Observing Phenomena “from the Outside”: Series and Order of Appearances

Hering’s demand that the terms, the concepts and the primitives of theory have to fit the characteristics of appearances also has great methodological impor­tance. Von Helmholtz’s theory is charged with bringing in unnecessary mental constructs because of insufficient description. The phenomenal component of perception is reduced to the sensory effects that are considered something material to process by the psychological activity, which is presumed to be pe­culiar to the mind. This account stems from the disputable classification that something is phenomenal only if it is directly derivable from physiological pro­cesses, otherwise it is mental or “psychological.” For this reason Hering dubs von Helmholtz’s theory a “mentalistic psychology” of perception that faces two complementary risks. Firstly, phenomena are not satisfactorily recognized as such, like the appearance of black, which is not interpreted as a full-fledged visual quality because it is the correlate of the absence of actual stimulation. Von Helmholtz is induced to account for it as the effect of the baseline activ­ity of retinal cells at rest. As a result of this spurious asymmetry among colors, the theory is forced into an analogy with no empirical and conceptual grounds (1878: 63, 65-66). The visual field of the occluded eye is assimilated to a mental blackboard on which light or some internal stimulation paints the white or the chromatic colors as well as erases them. The more thickly the colors are paint­ed on it, the lighter the white and the more saturated the colors are supposed to appear, hence the less the black of their background may shine through. Secondly, admitting mentalistic posits is equivalent to the methodological mistake of admitting the concept of vital forces to account for the mechanics of organic vital processes. As in the past, what was falsely believed to be due to vital forces turned out to be a physiological process, so an appearance that is believed to be due to the mind may turn out to consist only in phenomenal properties that maybe functionally explained by future findings of physiology (1878, I: 2).

Indeed, Hering (1878: 72-74, 80, 1905: 20) contends that for a theory of perception to be complete it has to be a physiological psychology. It is rea­sonable to suppose that perception has a physiological basis constrained by physical and chemical laws. Yet this hardly means dismissing phenomenology. The physiological theory of perception cannot be limited to dioptrics and to the study of histological and anatomical properties of the nervous system cor­related with perception. Moreover, it is not easy to obtain and assess the evi­dence on the functional physiological account of the nature and properties of appearances. Hering (1878: 4f.) recognizes the fundamental contribution of the “philosophical psychology,” that is, of the observation and the analysis carried out with “an empirical commitment” of appearances to abstract their features and forms of order. The correct description of phenomena has, of course, a heuristic function. As a mirror image gives information on the mirrored thing, so the evidence of the analysis of appearances give clues about which characteristics the physiological functions should have to underlie perception (1878: 4). The philosophical psychology also performs an epistemological func­tion. The physiological psychology provides the findings that make the expla­nation of perception complete. The phenomenological analysis makes sense of the physiological findings by its knowledge and evidence about the observ­able features of phenomena. The unbiased analysis of appearances allows for assessing the validity of the functional connection between physiological pro­cesses and appearances, thus contributing to an estimate of the likelihood of the success of a theory of perception.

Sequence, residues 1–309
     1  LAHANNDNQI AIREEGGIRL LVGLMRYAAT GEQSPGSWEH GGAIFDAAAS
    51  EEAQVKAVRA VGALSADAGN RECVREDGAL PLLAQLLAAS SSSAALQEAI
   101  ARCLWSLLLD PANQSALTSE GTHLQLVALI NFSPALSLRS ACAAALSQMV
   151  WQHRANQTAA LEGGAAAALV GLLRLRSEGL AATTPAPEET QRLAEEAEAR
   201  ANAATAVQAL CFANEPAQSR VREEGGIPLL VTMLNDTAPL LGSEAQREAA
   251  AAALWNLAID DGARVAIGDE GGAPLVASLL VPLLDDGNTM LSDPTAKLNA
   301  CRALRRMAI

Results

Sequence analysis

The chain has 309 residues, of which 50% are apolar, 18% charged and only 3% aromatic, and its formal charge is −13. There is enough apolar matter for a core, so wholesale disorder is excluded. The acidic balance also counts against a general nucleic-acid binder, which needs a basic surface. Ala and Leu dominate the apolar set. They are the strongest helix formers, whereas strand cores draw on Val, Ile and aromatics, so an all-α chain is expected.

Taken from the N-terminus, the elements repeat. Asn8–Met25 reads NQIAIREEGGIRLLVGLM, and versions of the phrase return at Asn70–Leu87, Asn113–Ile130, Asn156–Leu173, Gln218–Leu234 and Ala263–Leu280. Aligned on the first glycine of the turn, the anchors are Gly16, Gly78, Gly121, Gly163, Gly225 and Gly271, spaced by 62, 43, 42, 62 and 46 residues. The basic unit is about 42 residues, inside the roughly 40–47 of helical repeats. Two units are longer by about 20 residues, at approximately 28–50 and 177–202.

Hering’s theory of color gives a clear example of the role of the analysis of color appearances in the science of perception. The analysis is phenomeno­logical, for it does not take the known or hypothetical causes of colors into account. It is required for an unbiased theory that is guided by the discovery of the self-sufficient features, relations and order of appearances. Hering points out that this request is the same for every science. Physics discovered the laws ruling the contribution of different wavelengths to a composite radiation af­ter specifying the relevant variables in the manifold of light radiations. Since radiation of a single wavelength is an extreme case, physicists had to discover the feature by which to compare the different wavelengths that usually form composite radiations and discover their order. Likewise, the relevant variables of color appearances have to be discovered, and colors themselves must pro­vide the decisive characteristic by which an order is imposed on their mani­fold mixtures. Instead of using physical and physiological measures as best gauges of phenomenal properties, Hering builds series of appearances that change into one another smoothly or through a definite series of connected transitions in order to observe the extent to which two neighboring colors differ from each other in a specified respect. The resulting observations are not inner intuitions or introspections. The design of the series allows for the suspending of reference to things, which goes along with the ordinary percep­tion of colors as independent properties, and observing the colors themselves “from the outside” (1905: 24).